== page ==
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Auld Lang Syne--What Does It Mean?

We've heard it all of our lives, and tomorrow night we'll sing it again. But what is that 'auld lang syne?' anyway? Does the phrase chosen by Robert Burns for his great poem, derived from an ancient song of Scotland, have any deeper meaning? One translation is 'the old long time.' According to author Maurice Nicoll, this refers to a fundamental memory that is part of all of us, that goes all the way back to the beginning of time. Reference is made to the place of this memory in the cryptic phrase 'long home' in Ecclesiastes 12:5:

Also when they shall be afraid of that which is high, and fears shall be in the way, and the almond tree shall flourish, and the grasshopper shall be a burden, and desire shall fail: because man goeth to his long home, and the mourners go about the streets...

Jack DarkHand has sent around a translation of the full text of this magnificent song, which has always seemed to me to call forth this deep and essential memory.

Happy new year everybody. God bless, and take it from me: the best is yet to come.

--Whitley Strieber

Auld Lang Syne (Full Text) Should auld acquaintance be forgot,And never brought to mind?Should auld acquaintance be forgot,And days of auld lang syne? And days of auld lang syne, my dear,And days of auld lang syne.Should auld acquaintance be forgot,And days of auld lang syne?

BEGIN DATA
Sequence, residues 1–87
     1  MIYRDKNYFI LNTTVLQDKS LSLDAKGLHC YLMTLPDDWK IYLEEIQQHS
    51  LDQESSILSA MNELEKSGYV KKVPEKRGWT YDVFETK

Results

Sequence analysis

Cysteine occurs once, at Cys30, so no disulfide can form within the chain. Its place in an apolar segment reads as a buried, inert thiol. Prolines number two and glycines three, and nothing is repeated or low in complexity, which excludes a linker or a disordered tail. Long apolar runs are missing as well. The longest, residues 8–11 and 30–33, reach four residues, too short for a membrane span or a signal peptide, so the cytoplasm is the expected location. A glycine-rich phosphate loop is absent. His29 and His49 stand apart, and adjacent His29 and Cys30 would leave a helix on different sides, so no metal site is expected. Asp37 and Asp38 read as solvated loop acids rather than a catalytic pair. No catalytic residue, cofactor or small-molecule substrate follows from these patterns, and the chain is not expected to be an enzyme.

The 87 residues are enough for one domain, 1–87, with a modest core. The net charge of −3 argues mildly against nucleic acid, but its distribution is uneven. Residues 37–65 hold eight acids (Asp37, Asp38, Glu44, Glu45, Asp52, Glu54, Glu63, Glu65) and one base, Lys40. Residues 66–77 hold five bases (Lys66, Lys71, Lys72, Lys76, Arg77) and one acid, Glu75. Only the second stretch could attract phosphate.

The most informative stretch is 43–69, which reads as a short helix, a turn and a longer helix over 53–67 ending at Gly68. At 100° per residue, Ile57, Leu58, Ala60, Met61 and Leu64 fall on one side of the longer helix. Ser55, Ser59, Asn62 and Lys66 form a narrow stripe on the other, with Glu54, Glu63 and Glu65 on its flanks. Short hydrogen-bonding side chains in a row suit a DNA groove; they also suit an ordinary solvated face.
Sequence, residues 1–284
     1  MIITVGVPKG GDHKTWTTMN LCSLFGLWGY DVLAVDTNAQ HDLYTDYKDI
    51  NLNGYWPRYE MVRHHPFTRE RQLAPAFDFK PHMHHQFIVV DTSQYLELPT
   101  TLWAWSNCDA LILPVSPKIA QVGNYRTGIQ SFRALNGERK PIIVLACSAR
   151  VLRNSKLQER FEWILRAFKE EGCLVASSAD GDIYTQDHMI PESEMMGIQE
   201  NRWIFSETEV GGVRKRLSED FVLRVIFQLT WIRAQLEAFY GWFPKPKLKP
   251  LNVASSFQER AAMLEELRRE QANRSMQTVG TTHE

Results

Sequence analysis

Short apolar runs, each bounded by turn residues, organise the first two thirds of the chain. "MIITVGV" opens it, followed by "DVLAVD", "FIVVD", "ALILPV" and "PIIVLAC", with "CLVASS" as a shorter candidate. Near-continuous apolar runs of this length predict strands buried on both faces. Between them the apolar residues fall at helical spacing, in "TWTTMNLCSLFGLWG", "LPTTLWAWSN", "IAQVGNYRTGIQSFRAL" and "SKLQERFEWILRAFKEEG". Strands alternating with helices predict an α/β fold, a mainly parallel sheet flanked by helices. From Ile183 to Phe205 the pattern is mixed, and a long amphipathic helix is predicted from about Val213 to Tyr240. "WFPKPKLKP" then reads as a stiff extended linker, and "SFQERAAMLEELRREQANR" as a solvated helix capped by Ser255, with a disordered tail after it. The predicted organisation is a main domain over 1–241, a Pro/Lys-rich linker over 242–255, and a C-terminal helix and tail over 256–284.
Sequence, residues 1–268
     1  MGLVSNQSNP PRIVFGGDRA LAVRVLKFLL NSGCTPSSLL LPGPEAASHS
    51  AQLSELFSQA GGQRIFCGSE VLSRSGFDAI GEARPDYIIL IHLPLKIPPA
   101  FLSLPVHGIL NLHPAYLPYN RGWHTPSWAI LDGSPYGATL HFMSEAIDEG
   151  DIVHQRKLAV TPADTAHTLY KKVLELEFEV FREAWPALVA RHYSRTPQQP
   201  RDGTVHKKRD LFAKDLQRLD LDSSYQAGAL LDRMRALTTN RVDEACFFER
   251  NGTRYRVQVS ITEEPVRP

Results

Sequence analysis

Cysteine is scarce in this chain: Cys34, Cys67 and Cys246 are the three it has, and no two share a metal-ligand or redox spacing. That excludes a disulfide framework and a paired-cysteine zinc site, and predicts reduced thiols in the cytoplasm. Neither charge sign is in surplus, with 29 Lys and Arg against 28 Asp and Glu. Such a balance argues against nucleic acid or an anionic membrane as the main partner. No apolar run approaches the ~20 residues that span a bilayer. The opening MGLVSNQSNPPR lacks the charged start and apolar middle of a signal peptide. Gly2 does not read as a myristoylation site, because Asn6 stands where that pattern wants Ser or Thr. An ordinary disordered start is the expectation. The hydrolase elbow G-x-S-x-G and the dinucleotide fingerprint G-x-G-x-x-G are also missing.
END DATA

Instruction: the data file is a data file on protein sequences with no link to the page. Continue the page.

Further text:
Should old acquaintances be forgotten, And never thought of? Should old acquaintances be forgotten, and the days of the ancient times (literally, "old long since")?

We twa hae run aboot the braesAnd pu'd the gowans fine.We've wandered mony a weary foot,Sin' auld lang syne. Sin' auld lang syne, my dear,Sin' auld lang syne,We've wandered mony a weary foot,Sin' auld ang syne.

The two of us have run through the country lanes, And have picked the fine daisies; But we've wandered many weary steps Since the ancient times.

We twa hae sported i' the burn,From morning sun till dine,But seas between us braid hae roaredSin' auld lang syne. Sin' auld lang syne, my dear,Sin' auld lang syne.But seas between us braid hae roaredSin' auld lang syne.

The two of us have played in the field From morning sun until dusk But roaring oceans have split us apart Since the ancient times.

And surely ye'll be your pint stowp!And surely I'll be mine!And we'll tak a cup o' kindness yet,For auld lang syne. For auld lang syne. For auld lang syne. We'll tak a cup o' kindness yet,For auld lang syne.

You'll have your pint glass, And I'll have mine, And we'll drink to friendship, In honor of the ancient times.

And ther's a hand, my trusty friend,And gie's a hand o' thine;We' ll take a right gude willy waught,For Auld Lang Syne. For auld lang syne, my dear,For auld lang syne,We' ll take a right gude willy waught,For auld lang syne.

Here's my hand, trusty friend, And give me your hand. Let's take a good long drink In honor of the ancient times.

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